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Raptors, Celtics mull boycott protest over police shooting

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Orlando (AFP)

Toronto Raptors coach Nick Nurse said Wednesday his players and members of the Boston Celtics have discussed a possible boycott of their Eastern Conference semi-final opener following the police shooting of a black man in Wisconsin.

Nurse said the option of a boycott was "on the table" as players look at ways of protesting the shooting of African-American Jacob Blake on Sunday.

Blake, 29, was shot seven times in the back by police in Kenosha as he attempted to get into a car containing his three children, sparking protests that have left two people dead.

Nurse said during a conference call on Wednesday that Raptors and Celtics players had raised the prospect of a boycott during talks on Tuesday.

"Boycotting the game has come up to them to demand a little more attention," Nurse said. "It is ongoing discussions. I think it is one idea on the table. There are some other ideas on the table as well."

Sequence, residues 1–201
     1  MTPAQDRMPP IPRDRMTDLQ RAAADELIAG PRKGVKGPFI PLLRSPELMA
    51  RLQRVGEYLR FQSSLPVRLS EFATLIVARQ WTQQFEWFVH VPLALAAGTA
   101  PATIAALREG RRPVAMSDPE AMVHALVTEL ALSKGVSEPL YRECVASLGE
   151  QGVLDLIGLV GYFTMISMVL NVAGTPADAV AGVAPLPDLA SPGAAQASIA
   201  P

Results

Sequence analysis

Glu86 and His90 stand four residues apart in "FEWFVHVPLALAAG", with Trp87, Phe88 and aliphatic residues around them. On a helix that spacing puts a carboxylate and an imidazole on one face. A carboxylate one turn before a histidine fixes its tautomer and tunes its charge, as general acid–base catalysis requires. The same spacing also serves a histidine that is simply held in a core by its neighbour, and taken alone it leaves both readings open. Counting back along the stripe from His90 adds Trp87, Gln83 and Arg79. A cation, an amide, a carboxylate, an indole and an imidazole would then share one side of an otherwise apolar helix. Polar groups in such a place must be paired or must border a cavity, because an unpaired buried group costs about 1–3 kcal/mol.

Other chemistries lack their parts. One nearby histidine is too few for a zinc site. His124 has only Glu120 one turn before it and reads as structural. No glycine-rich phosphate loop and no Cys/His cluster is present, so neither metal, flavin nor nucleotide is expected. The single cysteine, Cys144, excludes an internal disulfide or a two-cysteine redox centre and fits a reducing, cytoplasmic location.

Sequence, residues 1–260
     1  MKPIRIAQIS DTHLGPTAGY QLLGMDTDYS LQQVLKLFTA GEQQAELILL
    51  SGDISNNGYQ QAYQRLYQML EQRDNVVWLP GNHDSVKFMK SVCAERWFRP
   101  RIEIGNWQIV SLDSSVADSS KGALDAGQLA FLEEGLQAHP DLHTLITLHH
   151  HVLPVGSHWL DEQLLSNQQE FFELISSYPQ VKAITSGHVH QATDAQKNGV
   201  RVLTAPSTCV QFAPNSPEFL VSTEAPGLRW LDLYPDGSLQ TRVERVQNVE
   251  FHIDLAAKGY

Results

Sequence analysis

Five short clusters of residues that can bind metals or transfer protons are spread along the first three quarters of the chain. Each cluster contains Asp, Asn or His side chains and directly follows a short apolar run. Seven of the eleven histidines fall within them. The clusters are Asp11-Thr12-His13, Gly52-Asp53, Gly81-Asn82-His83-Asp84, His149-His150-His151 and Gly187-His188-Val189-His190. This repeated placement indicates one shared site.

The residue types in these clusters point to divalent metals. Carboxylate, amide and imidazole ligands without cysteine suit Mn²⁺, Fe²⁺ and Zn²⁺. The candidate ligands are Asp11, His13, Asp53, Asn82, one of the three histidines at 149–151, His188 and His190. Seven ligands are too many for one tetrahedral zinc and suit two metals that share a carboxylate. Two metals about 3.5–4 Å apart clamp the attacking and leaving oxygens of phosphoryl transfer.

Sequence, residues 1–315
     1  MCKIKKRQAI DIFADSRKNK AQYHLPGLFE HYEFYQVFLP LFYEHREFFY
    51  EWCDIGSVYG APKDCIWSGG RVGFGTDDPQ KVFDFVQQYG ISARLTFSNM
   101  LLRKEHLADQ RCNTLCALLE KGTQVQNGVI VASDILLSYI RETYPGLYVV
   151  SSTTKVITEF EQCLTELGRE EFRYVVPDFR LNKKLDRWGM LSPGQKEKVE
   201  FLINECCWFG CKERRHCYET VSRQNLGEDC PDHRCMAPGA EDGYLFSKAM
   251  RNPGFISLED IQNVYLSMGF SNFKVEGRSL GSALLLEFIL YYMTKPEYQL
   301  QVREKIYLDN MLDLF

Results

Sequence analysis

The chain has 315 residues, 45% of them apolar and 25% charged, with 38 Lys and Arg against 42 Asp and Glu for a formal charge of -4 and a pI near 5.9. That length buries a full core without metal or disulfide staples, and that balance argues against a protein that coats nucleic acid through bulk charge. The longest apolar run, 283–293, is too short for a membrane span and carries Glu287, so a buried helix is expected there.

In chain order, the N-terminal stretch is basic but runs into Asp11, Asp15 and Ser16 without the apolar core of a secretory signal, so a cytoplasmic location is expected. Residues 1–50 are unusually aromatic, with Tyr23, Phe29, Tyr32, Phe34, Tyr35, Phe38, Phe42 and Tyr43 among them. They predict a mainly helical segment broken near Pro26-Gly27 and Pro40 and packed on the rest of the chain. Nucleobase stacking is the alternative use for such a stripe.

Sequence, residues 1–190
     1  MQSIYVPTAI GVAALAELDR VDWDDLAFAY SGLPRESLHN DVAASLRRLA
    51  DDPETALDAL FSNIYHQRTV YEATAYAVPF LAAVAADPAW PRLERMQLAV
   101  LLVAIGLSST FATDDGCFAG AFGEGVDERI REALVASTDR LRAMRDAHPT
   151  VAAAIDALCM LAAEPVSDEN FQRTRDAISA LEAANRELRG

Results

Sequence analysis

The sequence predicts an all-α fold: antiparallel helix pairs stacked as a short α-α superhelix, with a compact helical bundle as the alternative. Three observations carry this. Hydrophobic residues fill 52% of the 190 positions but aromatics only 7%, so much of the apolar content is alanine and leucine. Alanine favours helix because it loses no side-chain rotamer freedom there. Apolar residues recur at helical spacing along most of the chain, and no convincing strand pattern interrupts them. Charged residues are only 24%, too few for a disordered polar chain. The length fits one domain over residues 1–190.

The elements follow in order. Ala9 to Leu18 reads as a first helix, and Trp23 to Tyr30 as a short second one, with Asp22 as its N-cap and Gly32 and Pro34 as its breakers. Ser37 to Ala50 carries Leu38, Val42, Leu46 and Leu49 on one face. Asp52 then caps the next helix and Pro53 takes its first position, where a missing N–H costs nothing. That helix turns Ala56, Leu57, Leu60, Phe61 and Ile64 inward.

Boston's Marcus Smart confirmed the boycott discussions.

"We need to try something different," Smart said.

"It has been talked about, but we haven't confirmed anything. It's definitely in the back of our minds to not play."

The NBA's coronavirus-halted season resumed last month in a bubble at Orlando against the backdrop of protests following the death of unarmed black man George Floyd during his arrest by police in Minneapolis in May.

NBA teams have knelt in protest during the pre-match playing of the US national anthem while the words "Black Lives Matter" have been painted onto each court staging games in Florida.

Blake's shooting on Sunday has been greeted with disgust by players and coaches across the league.

Boston Celtics coach Brad Stevens said the shooting was "horrifying".

"We talked about it in our team meeting," Stevens said.

"Our thoughts are with Jacob Blake and his family and obviously that video was horrifying, awful. To think of three kids being in that car. It's ridiculous.

"Everybody is shaken... there's a reason why the coaches, players and everyone here has chosen to emphasize social justice and equality.

"These are hard times. With the pandemic going on, with this constant wave of inequality -- it's maddening."

Los Angeles Clippers coach Doc Rivers contrasted the shooting with the fearful rhetoric at this week's Republican Party convention.

"All you hear is Donald Trump and all of them talking about fear," Rivers said.

"We're the ones getting killed. We're the ones getting shot. We're the ones that are denied to live in certain communities.

"We've been hung, we've been shot. All you do is keep hearing about fear. It's amazing to me why we keep loving this country and this country does not love us back."

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